Now on Mustique

Ocean Science's blog
Glenn Cooper
Tue 27 Feb 2018 22:40

“12:52.00N 61:15.00W”

A bit late in kicking off this blog, chums, for reasons which will appear
below. I am writing this as we are moored up in Britannia Bay, Mustique,
an island in the state of St Vincent and the Grenadines. Mustique is a
rather unusual unusual place. We all feel jammy.

Before we left Antigua we had a couple of days doing this and that,
sauntering over to L’Epicure supermarket, but not having to shlep back
because one of the nice lads there pushes the shopping back to the boat in a
trolley for a modest contribution.

But the boat itself was like a workshop for a couple of days; the floor was
up with David and his apprentice fixing a large number of apparently
unrelated problems, such as generator and the main engine, with other
issues such as the water maker which ceased to function (the awesome David
has now we learn, manufactured a replacement for the faulty part which can
be installed when we are back in Antigua). And our old friend, the naughty
water jet tender, needed yet more attention from Greg the engineer – he now
regards this piece of kit as his pension.

All this made our departure date doubtful. But amazingly we were ready to
go by our planned time which was Saturday evening. First we watched the
England game at Murrayfield from the congenial surroundings of The Crow’s
Nest bar . There seemed to be equal numbers of Scotland and England fans in
the place. Your blosgster is of course a Scotland supporter, and a win
against the Auld Enemy was a rare occasion.

Back to the boat, and over to the fuelling dock to get some diesel. As we
were fuelling up we were told that we could not check out of Jolly Harbour
marina that day because the immigration staff had all gone home at 1 o’clock.
The reason was that a water outage had meant that the ladies’ loo was not
usable. This was pretty pathetic – the three of us are all self-employed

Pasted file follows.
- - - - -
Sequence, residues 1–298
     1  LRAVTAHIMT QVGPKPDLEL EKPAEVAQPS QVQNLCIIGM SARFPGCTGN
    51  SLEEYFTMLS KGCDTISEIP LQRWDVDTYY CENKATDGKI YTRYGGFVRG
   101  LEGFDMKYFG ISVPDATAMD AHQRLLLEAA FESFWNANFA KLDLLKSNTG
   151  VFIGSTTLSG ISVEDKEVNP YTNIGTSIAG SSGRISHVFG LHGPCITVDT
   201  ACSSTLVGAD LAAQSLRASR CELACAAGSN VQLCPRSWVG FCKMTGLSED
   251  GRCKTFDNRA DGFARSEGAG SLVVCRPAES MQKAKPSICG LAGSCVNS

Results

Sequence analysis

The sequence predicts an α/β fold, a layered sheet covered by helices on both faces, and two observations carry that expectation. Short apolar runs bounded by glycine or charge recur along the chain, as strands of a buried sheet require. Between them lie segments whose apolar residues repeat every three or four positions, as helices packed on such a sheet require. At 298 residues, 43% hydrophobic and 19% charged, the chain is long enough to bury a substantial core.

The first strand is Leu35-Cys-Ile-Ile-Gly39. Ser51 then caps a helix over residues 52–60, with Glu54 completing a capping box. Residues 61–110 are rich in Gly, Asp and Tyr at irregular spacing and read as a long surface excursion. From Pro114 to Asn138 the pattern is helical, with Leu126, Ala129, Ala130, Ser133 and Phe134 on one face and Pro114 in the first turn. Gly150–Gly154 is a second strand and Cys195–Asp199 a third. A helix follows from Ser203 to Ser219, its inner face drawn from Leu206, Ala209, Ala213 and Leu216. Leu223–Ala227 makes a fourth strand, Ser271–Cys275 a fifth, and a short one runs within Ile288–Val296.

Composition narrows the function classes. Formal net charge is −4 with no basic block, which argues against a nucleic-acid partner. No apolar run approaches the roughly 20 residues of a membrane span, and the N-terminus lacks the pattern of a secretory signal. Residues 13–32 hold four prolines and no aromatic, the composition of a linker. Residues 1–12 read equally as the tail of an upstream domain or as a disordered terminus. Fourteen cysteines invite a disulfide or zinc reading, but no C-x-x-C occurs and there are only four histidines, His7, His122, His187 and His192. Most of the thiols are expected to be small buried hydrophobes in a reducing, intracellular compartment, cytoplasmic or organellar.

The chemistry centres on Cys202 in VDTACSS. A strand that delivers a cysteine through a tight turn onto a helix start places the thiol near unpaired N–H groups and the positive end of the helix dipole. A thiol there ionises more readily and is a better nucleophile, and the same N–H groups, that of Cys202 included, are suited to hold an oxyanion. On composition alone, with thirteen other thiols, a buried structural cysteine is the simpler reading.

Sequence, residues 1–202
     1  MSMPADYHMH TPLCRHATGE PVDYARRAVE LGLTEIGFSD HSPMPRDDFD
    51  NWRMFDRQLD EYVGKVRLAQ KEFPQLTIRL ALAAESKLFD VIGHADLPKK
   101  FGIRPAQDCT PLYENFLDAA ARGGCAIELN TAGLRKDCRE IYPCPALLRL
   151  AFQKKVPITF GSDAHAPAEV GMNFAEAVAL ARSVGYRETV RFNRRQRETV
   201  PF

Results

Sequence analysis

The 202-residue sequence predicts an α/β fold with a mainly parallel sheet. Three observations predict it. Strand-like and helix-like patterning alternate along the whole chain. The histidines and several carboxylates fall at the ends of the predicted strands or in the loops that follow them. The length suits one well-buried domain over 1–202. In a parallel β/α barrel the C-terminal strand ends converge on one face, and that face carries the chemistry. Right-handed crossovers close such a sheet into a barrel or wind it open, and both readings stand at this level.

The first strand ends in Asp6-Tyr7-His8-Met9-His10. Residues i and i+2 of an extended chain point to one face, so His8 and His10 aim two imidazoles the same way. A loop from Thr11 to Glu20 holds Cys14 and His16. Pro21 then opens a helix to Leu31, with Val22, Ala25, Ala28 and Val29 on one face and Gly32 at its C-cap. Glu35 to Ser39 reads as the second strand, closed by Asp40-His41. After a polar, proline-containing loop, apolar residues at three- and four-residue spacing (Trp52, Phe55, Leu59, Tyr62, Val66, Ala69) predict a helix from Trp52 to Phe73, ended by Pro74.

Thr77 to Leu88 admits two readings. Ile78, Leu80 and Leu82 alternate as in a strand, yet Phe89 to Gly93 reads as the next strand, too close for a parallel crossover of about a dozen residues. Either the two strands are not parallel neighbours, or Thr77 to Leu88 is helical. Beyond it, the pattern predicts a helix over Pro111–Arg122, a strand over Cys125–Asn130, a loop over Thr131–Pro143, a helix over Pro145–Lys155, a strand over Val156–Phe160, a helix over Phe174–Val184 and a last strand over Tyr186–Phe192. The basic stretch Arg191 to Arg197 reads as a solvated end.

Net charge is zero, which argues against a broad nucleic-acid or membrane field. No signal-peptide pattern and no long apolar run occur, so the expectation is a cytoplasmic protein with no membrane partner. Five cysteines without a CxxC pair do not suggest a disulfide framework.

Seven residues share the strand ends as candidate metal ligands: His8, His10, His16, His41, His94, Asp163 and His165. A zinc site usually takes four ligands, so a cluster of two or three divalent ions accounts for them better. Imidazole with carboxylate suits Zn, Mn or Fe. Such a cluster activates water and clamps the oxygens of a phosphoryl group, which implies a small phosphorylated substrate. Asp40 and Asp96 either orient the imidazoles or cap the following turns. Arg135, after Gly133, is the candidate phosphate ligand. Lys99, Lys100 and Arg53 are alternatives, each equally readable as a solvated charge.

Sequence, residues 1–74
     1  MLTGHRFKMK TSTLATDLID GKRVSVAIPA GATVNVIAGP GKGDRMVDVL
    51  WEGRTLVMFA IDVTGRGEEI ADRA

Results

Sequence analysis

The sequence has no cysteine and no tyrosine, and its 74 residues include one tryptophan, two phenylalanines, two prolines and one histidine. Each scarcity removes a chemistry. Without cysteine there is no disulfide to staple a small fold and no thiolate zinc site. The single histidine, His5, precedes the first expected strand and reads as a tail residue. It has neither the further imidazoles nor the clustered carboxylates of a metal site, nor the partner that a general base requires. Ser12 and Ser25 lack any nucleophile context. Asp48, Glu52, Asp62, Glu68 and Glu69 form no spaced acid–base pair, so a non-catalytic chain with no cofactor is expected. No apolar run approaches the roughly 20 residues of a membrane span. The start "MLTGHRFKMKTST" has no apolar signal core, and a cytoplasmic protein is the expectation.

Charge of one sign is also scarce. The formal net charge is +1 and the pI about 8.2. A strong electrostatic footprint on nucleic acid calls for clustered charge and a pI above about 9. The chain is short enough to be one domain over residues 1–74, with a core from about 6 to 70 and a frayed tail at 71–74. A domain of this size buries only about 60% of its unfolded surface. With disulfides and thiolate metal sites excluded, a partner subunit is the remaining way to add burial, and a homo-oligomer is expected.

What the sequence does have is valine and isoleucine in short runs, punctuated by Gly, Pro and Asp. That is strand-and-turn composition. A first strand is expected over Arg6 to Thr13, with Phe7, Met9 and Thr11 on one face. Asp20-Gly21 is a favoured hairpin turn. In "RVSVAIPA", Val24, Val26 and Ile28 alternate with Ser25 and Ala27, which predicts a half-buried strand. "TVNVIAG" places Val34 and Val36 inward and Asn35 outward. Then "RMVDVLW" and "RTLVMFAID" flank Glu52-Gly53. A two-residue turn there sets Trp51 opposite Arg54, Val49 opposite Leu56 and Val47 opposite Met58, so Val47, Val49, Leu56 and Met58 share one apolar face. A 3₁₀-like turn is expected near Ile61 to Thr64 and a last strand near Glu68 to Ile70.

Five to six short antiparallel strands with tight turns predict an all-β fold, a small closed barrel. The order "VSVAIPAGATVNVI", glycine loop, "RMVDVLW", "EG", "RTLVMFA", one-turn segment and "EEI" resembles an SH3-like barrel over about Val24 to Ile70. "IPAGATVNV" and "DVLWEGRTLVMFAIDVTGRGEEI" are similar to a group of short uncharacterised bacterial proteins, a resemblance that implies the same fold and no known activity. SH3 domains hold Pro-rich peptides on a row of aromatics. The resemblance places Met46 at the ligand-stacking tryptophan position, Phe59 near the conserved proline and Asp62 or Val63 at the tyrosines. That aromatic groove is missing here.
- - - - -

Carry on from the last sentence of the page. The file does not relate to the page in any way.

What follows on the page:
types, and the notion that an unusable bog is a reason for bunking off is
pure fantasy. Working for a government must be different from earning a
living. But we were told that the office in Nelson’s harbour on the other
side of the island was open normally, so we raced over there in a taxi.
Despite the taxi driver’s excellent impersonation of Lewis Hamilton on
steroids, we missed it by 5 minutes. So back to Jolly, where we needed a
final emergency call out to the legendary David to fix something crucial ,
and the ceremonial pouring of a monster whisky for the skipper. We had no
ice so I asked a crewman on the monster sailing boat next door if they had
any. He disappeared below then came up and said no “It was not that sort of
boat”. In other words, they didn’t do cocktails – just Red Bull and
Megaprotein swill to sustain the 18 crew. So I went to the restaurant up
the road and got some ice , and booked a table for later in the evening. So
we had a nice meal on shore, instead of the sandwiches I had made for the

The next morning we learnt the joyful news that the ladies toilet in the
immigration office would now flush. We checked out - Mr Cooper’s regular
grapple with burocracy, although the various officials we deal with in this
part of the world are largely charming people.

And so down to Mustique, due south and about 33 hours. A nice wind just
ahead of the beam, so we had a few hours sailing, then it dropped and we had
to use the engine as well. A bit choppy to start with and your blogster
felt a bit green, so lay down for a while. The snooze escalated to the
extent that the other two started to get worried about me getting bedsores.
Readers may recall that our drug of choice for seasickness is scopalamine ,
which suppresses the gagging reflex (the reason the Americans use it for
waterboarding at Guantanamo), but it has a side-effect of drowsiness.
Anyway I slept long enough to give the rest of the crew a good laugh, but no

The reason for hurrying was that Monday was Glennbo’s birthday and his pals
on Mustique had invited us to dinner. We got there in time, were met by
our charming hosts at the dinghy dock and driven to the house for an
excellent and highly congenial meal. And were there again for lunch today
and a swim in the infinity pool. I have been so rushed off my feet with all
this I have had no time to write this blog until Tuesday evening, and we are
shortly off to the Cotton Club for a cocktail party, and then dinner again.
Tomorrow we plan to sail with Glenn’s friends to the neighbouring Island of
Bequia. It is all grind, is it not? More news will follow, with, I hope
some pictures when I get to sit at the chart table. We hear the news from
England about the weather; sorry about that, folks.

Pip pip, mine’s a Dark and Stormy